Child Welfare and Evidence Registries: Comparative Analysis of the Title IV-E Prevention Services Clearinghouse, California Evidence-Based Clearinghouse, and Blueprints for Healthy Youth Development

Presented at the at the 36th Annual San Diego International Conference on Child and Family Maltreatment in San Diego, CA on January 27, 2021

Evidence registries are used to make service array decisions. This presentation will explain the Title IV-E Prevention Services Clearinghouse, which was developed for the Family First Prevention Services Act. Then, similarities and differences with two well-established registries, the CEBC and Blueprints for Healthy Youth Development, will be described.

The purpose of this presentation is to discuss how registries can inform decision-making in the adoption of evidence-based interventions specific to the child welfare system. Registries provide reliable information about the state of the science for prevention and treatment models, programs and services, and many support policy-related requirements. For example, the Title IV-E Prevention Services Clearinghouse was developed in response to the Family First Prevention Services Act (FFPSA) of 2018. Established by the Administration for Children and Families (ACF) within the U.S. Department of Health and Human Services (HHS), the Prevention Services Clearinghouse is charged with systematically reviewing research on programs and services intended to provide enhanced support to children and families and prevent foster care placements. It reviews evidence on mental health, substance abuse, in-home parent skill-based, and kinship navigator programs and services to determine if they meet well-supported, supported, promising or “does not currently meet criteria” ratings. Research on programs and services designed for child-welfare involved families, however, is inherently difficult to conduct and this can impact the review of evidence. Such methodological challenges may include the additional steps required for sample recruitment and the fact that children in foster care often change placements. Further, child welfare-specific outcomes (e.g., time to permanency, placement changes, return to foster care) are frequently influenced by many factors that extend beyond the aegis of a particular intervention. Other, more established registries have tackled similar challenges. Such registries include the California Evidence-Based Clearinghouse for Child Welfare (CEBC), a state-funded clearinghouse founded in 2006 that identifies and disseminates information regarding practices relevant to child welfare and provides information on evidence-based and non-evidence-based practices. In addition, Blueprints for Healthy Youth Development is a privately funded registry housed at the University of Colorado Boulder. Founded in 1996, interventions certified by Blueprints are family, school, and community-based and target all levels of need—from broad prevention programs that promote positive behaviors while decreasing negative behaviors to highly-targeted programs for at-risk children, troubled teens or formerly incarcerated adults that get them back on track. This panel discussion will include representatives from the Prevention Services Clearinghouse, the CEBC, and Blueprints. It will start with an overview of the Prevention Services Clearinghouse, followed by a comparative analysis of each registry’s standards and review processes. The panelists will then facilitate a discussion around the role of registries in supporting advancements in implementation science specific to child welfare involved families.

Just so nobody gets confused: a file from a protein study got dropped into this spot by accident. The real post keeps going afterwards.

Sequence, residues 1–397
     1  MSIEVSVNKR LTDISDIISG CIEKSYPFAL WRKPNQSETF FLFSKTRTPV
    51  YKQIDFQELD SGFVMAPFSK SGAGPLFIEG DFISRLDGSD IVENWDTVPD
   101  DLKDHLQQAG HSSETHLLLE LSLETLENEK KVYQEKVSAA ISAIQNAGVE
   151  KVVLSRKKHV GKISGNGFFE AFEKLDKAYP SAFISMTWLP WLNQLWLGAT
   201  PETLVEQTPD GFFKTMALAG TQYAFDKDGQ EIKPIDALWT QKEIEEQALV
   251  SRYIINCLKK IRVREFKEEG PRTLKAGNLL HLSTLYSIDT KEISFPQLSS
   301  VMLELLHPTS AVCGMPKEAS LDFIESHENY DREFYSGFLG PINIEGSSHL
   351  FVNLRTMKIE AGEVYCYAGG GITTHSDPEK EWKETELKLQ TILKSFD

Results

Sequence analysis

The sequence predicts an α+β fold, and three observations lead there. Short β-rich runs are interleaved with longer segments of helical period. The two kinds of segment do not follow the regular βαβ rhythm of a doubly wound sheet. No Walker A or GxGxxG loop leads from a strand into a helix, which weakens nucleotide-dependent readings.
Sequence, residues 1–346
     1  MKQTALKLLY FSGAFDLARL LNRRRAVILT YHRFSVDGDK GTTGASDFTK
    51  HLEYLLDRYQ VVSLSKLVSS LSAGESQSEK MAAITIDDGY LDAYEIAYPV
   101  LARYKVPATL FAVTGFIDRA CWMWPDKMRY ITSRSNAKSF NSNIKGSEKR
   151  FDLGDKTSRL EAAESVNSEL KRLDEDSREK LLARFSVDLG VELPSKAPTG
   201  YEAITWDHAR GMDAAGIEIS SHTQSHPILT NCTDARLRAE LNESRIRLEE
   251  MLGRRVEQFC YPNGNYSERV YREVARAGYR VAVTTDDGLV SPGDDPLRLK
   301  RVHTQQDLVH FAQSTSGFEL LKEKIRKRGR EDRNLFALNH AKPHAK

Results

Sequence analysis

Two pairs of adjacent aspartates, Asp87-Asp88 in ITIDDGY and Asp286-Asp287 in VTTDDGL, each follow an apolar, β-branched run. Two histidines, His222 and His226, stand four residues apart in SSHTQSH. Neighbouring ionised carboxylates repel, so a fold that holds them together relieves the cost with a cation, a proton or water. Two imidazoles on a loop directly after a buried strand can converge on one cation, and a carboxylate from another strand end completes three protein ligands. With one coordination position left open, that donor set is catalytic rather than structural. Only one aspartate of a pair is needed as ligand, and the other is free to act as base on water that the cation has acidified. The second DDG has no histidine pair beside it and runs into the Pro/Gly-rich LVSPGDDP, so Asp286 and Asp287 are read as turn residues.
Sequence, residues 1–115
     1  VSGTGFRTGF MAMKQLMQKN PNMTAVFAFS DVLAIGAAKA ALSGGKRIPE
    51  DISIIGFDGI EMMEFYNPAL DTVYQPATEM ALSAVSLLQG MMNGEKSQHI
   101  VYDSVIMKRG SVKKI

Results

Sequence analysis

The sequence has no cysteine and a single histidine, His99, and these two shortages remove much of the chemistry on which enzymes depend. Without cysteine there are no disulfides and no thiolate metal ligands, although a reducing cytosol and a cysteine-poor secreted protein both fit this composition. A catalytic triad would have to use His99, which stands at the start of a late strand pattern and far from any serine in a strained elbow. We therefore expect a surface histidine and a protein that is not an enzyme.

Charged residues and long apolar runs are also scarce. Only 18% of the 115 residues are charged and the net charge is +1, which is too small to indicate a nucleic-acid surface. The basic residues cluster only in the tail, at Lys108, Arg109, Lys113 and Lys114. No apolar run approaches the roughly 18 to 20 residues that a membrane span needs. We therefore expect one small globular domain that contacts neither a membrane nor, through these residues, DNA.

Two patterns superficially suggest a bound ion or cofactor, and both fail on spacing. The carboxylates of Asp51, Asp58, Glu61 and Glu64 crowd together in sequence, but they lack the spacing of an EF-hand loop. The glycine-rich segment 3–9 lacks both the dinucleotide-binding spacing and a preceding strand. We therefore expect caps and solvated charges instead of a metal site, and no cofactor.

Learning Objectives

1. Increase knowledge about available evidence-based practice registries serving child-welfare involved families, including similarities and differences. 

2. Expand knowledge about the role of evidence-based practice registries in providing enhanced support to children and families and prevent foster care placements.  

3. Improve understanding of how registries can support advancements in implementation science specific to child welfare involved families.